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Titoudao

Toy Factory celebrates its 25th anniversary with a restaging of one of its most beloved productions. Follow the life of Madam Oon Ah Chiam – a petite lady who dreams big – as she balances her comic alter-ego, Titoudao, with struggles against poverty, gender inequality and marital problems.

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Latest film reviews and releases

Film

Fifty Shades of Grey

A watered-down adaptation that hides coyly under the sheets, 'Fifty Shades of Grey' is full of all sorts of sex, but it's still a hopelessly softcore erotic drama that fails to be even a fraction as titillating as the EL James books that inspired it. And yet, strangely, that's exactly why it works.'Fifty Shades' begins with Anastasia Steele (Dakota Johnson, nuanced), a demure college student, arriving for an interview in the office of Christian Grey (Jamie Dornan, stiff), Seattle's most eligible billionaire. It isn't long before the two are bound together like the pages in the spine of a saucy paperback. The virginal Anastasia, however, is in for a surprise: Christian is as kinky as he is rich.Inevitably, this telling of the tale has been neutered to the brink of recognition. Christian is an S&M fetishist, and when Anastasia is invited into her new partner's 'Red Room of Pain', she's confronted by a wonderland of leather, rope and recycled circus equipment. And yet, by the time the movie ends just a few mild spankings later, 'Fifty Shades' feels like going on a trip to Disney World and only riding the monorail.But British director Sam Taylor-Johnson's film becomes fascinating for the finesse with which she navigates the prudishness forced upon it. The director is capable of pivoting from romantic comedy to erotic drama at the crack of a whip, her dexterity allowing the tepid sex scenes to be framed by a surprisingly sensitive story of self-discovery. Substituting heartache

Time Out says
  • 3 out of 5 stars
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Film

Unbroken

Teenage tearaway, 1930s Olympic runner, World War II prisoner-of-war survivor… Why has it taken so long for Hollywood to make a film about the incredible life of Louis Zamperini? Angelina Jolie's third film as a director is a gorgeously shot and hardhitting old-school war drama that’s meant to leave us awestruck by the power of the human spirit. It gets so much right – but still somehow fails to get under Zamperini’s skin.Jack O’Connell’s scrappy underdog energy is perfect for Zamperini, who we meet at 26 in a gripping scene as he shoots at the Japanese from a B-24 bomber in 1943. In flashbacks we see him as a juvenile delinquent, the son of poor Italians, tearing around California. When little Louis, age 13 or so, discovers there’s more to running than dodging cops he quits booze and fags to train with his brother. At the 1936 Berlin Olympics he catches Hitler’s eye as he runs the fastest lap of the 5,000-metres race. Is it his athlete’s iron discipline that keeps Zamperini alive when his plane crashes into the Pacific – and he’s stranded on a raft with two buddies? He puts the trio on rations of two squares of chocolate and three sips of water a day. There’s little variety in these scenes, although in a shift from the usual macho bravado of men bonding at war, Jolie shows us the tenderness of these boys. When one of them gets sick, Zam – as his mates call him – holds his hand, tenderly telling him stories of his ma’s gnocchi.Which is enough drama to fill one life – and one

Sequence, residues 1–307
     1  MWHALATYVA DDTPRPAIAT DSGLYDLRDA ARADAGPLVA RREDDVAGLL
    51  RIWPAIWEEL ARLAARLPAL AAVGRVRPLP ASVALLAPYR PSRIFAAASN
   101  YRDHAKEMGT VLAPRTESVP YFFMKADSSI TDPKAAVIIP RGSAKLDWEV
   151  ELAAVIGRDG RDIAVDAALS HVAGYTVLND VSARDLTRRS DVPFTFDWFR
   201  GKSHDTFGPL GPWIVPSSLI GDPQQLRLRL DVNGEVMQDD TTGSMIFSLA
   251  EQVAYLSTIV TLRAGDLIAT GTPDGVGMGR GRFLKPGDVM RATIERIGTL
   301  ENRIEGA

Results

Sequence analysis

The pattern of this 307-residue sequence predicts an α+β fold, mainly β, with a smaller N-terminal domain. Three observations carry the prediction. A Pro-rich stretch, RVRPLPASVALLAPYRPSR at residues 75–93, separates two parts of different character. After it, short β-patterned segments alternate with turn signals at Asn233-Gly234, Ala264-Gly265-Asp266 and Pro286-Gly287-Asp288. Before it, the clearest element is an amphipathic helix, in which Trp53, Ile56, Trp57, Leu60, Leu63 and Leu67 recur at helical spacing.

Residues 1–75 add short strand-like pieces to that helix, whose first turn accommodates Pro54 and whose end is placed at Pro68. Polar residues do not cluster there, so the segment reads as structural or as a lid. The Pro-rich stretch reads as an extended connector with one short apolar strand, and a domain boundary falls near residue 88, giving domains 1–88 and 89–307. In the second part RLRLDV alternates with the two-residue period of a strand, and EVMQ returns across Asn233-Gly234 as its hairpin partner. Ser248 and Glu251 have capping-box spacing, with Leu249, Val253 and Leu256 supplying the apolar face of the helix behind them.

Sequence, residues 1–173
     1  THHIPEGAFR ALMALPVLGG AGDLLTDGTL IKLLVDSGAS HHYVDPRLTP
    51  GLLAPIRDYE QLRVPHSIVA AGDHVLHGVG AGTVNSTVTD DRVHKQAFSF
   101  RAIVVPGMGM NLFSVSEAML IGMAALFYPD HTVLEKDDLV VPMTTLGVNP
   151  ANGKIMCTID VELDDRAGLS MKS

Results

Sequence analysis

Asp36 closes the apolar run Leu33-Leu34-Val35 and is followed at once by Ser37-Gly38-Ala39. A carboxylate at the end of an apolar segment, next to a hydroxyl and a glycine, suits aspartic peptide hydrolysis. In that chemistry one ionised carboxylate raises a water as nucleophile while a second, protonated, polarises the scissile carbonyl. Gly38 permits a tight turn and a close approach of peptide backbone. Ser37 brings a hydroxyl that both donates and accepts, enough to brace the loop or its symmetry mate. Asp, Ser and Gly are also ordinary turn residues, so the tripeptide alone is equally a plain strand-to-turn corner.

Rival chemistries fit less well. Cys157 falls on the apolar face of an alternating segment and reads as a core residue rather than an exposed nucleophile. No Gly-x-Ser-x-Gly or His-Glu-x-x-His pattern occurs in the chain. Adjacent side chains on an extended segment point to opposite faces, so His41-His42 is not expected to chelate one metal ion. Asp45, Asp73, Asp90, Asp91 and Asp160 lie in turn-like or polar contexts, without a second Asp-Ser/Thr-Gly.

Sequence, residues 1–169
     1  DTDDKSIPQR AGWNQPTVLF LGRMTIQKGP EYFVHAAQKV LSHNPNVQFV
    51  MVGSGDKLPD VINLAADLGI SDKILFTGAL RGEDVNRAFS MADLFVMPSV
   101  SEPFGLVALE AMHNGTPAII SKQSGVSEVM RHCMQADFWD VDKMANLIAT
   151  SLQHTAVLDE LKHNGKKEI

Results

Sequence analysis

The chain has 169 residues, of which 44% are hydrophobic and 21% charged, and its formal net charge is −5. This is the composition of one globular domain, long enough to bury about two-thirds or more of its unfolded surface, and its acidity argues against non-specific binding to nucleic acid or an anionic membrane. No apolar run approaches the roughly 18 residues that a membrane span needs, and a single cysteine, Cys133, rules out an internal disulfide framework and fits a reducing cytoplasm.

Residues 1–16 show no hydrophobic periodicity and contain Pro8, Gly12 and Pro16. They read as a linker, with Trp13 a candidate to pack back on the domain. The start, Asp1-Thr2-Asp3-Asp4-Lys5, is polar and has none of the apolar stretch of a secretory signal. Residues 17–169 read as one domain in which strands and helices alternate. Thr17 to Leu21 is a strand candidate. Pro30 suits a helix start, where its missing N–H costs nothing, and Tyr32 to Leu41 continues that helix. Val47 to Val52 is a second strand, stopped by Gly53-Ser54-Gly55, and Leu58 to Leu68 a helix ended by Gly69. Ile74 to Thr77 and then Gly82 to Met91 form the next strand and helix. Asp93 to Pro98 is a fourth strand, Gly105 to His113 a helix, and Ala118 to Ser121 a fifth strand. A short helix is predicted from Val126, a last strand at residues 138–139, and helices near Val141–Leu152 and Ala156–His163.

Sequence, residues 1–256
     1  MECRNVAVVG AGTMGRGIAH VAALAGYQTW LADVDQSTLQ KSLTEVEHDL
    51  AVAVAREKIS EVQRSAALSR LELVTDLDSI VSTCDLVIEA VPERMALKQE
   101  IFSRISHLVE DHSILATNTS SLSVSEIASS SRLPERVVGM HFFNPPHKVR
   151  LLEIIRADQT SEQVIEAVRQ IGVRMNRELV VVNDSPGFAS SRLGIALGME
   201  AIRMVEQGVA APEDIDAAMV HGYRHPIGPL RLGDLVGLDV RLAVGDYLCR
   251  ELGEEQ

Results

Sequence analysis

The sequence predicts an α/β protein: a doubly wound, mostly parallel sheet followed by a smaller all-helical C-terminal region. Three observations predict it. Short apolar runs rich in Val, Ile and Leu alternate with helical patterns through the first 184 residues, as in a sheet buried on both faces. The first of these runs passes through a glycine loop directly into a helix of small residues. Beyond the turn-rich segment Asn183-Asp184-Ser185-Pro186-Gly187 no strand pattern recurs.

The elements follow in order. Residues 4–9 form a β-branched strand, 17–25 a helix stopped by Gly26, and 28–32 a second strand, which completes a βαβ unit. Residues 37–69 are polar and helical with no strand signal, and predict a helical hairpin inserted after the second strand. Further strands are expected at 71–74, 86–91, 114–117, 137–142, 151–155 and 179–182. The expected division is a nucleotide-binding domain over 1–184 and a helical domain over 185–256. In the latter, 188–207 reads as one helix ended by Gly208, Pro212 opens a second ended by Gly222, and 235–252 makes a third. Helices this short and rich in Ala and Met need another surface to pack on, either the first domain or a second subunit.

Time Out says
  • 3 out of 5 stars